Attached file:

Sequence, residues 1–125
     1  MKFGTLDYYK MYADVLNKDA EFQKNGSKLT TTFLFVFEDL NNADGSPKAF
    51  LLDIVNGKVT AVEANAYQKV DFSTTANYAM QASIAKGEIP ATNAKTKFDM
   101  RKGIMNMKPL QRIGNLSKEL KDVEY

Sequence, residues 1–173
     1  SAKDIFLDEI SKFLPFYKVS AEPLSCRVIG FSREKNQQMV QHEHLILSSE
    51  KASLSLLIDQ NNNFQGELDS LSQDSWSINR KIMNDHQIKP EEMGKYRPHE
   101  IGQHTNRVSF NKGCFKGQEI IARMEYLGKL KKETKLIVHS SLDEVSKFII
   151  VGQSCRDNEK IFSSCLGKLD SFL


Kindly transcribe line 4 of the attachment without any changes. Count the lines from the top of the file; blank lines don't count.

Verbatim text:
   101  RKGIMNMKPL QRIGNLSKEL KDVEY